London adds more police amid ongoing riots

Zachary Roth
Senior National Affairs Reporter
The Lookout

British Prime Minister David Cameron has been in emergency meetings with his Cabinet Tuesday, after rioters burned buildings and smashed storefronts across London and beyond in recent days.

The riots began over the weekend in Tottenham, north London, but quickly spread to other parts of the city, as well as beyond the capital. The unrest was initially triggered by the killing by police of Mark Duggan, a 29-year-old man. But the rioters, predominantly young people, also appear to be responding to recent cuts to social services, and to the unusual heat of this year's summer in Britain. There are now around 16,000 police officers dispatched to the streets of London to attempt to halt the riots, the Guardian reports.

In what has emerged as the iconic image of the mayhem so far, a woman jumped to safety from a burning building in Croydon, south London. Amy Weston, the photographer who took the shots for London's Wenn picture agency, described the scene to The Guardian. (You can watch a video report on the incident in the clip above.)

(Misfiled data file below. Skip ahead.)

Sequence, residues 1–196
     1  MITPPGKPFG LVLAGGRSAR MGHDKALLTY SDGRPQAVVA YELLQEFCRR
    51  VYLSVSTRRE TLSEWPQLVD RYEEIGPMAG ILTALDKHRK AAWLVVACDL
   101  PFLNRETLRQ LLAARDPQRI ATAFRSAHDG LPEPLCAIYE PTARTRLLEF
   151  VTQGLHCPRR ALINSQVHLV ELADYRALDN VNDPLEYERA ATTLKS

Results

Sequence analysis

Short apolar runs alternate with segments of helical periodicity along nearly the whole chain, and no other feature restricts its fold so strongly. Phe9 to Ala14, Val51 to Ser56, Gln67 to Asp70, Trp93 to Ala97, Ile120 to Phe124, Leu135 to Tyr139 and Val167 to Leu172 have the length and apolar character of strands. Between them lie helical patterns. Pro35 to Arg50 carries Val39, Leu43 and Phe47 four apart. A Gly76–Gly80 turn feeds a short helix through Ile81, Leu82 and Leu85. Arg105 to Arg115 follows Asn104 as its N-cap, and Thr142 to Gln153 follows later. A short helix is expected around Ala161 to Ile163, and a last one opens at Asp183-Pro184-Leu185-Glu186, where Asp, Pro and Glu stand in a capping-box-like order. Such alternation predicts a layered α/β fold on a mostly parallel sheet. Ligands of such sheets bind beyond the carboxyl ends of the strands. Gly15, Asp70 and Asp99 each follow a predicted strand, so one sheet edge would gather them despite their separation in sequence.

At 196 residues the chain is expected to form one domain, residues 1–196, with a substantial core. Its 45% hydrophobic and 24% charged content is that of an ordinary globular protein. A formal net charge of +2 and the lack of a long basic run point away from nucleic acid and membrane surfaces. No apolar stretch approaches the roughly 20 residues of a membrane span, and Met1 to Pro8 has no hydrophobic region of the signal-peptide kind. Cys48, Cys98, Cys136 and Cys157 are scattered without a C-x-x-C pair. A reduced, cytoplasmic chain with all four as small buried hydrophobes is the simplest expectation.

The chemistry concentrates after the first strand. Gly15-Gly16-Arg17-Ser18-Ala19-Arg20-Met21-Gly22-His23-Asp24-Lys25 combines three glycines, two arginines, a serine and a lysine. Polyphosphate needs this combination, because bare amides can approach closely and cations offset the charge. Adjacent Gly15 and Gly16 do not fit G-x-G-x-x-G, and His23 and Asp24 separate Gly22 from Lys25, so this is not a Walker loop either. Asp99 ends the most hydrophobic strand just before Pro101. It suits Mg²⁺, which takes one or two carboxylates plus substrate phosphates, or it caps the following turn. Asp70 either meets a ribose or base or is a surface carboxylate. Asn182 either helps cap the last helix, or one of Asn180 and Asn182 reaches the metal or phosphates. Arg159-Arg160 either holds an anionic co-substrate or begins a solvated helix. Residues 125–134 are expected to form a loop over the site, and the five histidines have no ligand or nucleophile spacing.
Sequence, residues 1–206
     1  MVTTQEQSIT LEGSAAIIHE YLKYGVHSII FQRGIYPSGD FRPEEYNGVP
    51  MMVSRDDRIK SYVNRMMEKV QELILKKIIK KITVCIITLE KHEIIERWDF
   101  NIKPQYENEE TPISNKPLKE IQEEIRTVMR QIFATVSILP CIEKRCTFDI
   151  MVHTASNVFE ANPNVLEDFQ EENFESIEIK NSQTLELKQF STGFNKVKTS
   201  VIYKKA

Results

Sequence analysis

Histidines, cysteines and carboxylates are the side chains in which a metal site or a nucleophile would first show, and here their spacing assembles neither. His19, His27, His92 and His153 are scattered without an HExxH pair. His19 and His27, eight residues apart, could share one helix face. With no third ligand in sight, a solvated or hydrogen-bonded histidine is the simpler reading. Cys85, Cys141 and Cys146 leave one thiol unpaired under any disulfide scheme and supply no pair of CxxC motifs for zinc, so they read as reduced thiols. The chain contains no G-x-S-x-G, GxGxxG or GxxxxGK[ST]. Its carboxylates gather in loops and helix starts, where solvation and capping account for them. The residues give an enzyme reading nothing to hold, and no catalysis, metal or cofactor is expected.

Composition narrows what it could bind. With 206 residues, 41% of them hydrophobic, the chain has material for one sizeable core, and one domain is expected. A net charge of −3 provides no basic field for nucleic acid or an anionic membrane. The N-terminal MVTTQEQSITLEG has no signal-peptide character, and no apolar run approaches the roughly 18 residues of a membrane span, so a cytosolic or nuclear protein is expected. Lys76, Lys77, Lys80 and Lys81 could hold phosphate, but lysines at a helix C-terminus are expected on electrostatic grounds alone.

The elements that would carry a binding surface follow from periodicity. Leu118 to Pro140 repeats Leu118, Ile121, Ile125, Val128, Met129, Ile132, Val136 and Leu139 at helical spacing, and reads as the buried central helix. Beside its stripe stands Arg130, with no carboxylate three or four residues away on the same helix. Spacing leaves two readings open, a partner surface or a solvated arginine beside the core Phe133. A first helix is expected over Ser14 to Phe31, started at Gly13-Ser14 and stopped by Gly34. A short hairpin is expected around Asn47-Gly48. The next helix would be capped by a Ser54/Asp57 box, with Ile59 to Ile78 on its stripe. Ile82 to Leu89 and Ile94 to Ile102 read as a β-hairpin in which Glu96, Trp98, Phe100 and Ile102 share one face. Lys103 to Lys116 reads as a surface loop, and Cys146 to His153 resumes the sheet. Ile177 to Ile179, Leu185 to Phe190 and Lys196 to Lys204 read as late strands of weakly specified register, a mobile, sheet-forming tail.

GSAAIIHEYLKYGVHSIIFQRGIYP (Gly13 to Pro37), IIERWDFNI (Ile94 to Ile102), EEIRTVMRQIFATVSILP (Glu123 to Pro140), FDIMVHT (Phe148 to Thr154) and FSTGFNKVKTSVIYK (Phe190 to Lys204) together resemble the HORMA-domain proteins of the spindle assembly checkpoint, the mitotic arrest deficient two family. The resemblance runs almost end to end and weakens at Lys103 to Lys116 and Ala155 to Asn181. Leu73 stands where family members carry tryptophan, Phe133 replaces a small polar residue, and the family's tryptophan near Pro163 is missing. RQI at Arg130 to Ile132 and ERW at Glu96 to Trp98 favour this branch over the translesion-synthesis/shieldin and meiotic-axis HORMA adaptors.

"A man in a white shirt was screaming that a girl was at the window and that she was ready to jump," said Weston. "He ran towards her, but riot police had appeared and pulled him back, and they went to her instead."

"As soon as she dropped, the crowds pushed back and there was no way to see what happened to her," she continued. "I remember hearing people screaming that there were more people in the building. The crowds started getting angry with each, with one group blaming another group for starting the fire."

In Enfield, north London, rioters set fire to a Sony warehouse, destroying its stock of CDs and vinyl records.

The riots offer a major test for London's Metropolitan Police, rocked by recent allegations that some cops worked with the media company News International to hack into personal cellphone voice mailboxes. And they come just a year before London aims to put its best foot forward when it hosts the 2012 Olympic Games--which will bring an enormous influx of tourists from around the globe and elaborate security challenges.